Sunday Sermon for November 27, 2011, the First Sunday of Advent, Year B
Readings: Is 63:16b-17, 19b, 64:2-7; 1Cor 1:3-9; Mk 13:33-37
In the Gospel reading today our Lord tells us that we have to be watchful and alert because we do not know when the time will come. This sounds straight forward enough, but the problem is that human nature, being what it is, tends to become soft and lazy. We all know how things go: we are alert for a while, but if nothing happens we start getting a bit sloppy, then we get distracted, then we generally give up our watchfulness.
God, of course, is just a bit smarter than we are, so He knows that this is the way human beings operate. After 2000 years we are still hearing our Lord tell us to remain alert. After so many generations have passed before us without any fulfillment of what was spoken by our Lord, and with no sign of His intervening in our own day, people are no longer getting sloppy and lazy, they are walking away from their posts.
Isaiah asks the Lord why He allows the people to wander from His ways, harden their hearts, and no longer fear the Lord. Like any of us, Isaiah suggests that God should rend the heavens and come down with the mountains quaking before Him. This would certainly get our attention, but God has worked in marvelous ways throughout history and we keep forgetting. What God is looking for from us is fidelity, not awe at some display of divine power. He wants us to love Him for Who He is, not for what He does.
So today, like in Isaiah’s day, we have people walking away from the Lord in droves and it seems that God does not care. Of course He does, but He is testing our faith. If things were too easy, or if He was working signs and wonders regularly, it might not require much faith on our part. Instead, He is allowing the world to go its way and He gives each of us the choice to go with the world or to remain with Him. We know that the better thing is to stay with Him, but those who follow the world seem to have it easier or even better.
All of the material wealth and worldly comfort cannot advance the spiritual life. However, privation, ridicule and humiliation cause profound spiritual growth. If we get caught comparing ourselves to those who have given into the ways of the world, we will tend to notice our difficulties and their ease. This might cause us to think they have chosen the better part. On the natural level that might seem true, but we have to look at the spiritual level.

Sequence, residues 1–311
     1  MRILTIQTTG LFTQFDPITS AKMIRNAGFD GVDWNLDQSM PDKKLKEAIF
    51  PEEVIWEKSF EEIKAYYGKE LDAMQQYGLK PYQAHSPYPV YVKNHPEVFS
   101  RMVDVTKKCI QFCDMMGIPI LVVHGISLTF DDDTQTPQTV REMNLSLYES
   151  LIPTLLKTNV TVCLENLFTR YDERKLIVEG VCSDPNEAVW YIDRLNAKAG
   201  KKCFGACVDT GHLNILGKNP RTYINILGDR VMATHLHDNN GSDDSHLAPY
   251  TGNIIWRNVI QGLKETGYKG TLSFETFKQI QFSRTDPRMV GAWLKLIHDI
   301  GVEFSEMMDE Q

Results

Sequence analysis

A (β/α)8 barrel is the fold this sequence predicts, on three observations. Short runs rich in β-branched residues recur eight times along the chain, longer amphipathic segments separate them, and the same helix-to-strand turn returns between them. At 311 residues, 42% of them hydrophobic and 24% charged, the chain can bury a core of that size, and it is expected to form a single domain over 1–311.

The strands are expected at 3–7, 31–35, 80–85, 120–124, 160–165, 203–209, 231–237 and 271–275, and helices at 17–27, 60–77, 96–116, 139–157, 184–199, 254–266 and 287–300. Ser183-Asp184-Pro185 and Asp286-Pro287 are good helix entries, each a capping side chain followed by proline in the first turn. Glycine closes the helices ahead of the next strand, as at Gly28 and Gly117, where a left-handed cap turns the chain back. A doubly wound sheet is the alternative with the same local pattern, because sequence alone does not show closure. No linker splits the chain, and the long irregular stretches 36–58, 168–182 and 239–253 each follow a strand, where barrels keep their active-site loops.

If we can recall the purpose of our existence on earth, i.e., to know, love and serve God in this world so that we can be happy with Him in the next, it will help us to keep our perspective proper. If we can focus on maintaining and augmenting our spiritual lives then the promise of St. Paul in the second reading will be ours: God will keep you firm to the end and irreproachable on the day of our Lord Jesus Christ.
This means that we do not have to be literally watching for Him to return; rather, it means that we need to be faithful in fulfilling what He has asked of us. This is exactly what He tells us in the Gospel reading that He has done. He has gone on a long journey and has given to each of us our work that He wants us to fulfill. If He returns and finds us doing what He has assigned us to do, then we will be blessed. If He returns and we are not being faithful, then we will find ourselves put outside where those who are unfaithful and untrustworthy can be found.
As the world spirals more and more out of control and as more people wander from our Lord’s way, we must recognize that we are very weak and, like the rest, we can easily be swept away by the tide that presses against us. Simply put, we are not strong enough to remain faithful without the help of God. Trying to rely on natural strength to fight a supernatural battle will not work. Trying to use natural strength will only result in caving in to natural weakness.
Our only hope is the strength that comes from God. This will not be through the rending of the heavens and impressing us with power. Instead, it will come through lives of prayer and penance wherein we come to know just how weak we are and learn to rely on God for everything. This is the only way to insure that we will be kept faithful till the end and irreproachable on the day of the Lord.
Fr. Altier’s column appears regularly in The Wanderer, a national Catholic weekly published in St. Paul, Minn. For information about subscribing to The Wanderer, please visit www.thewandererpress.com.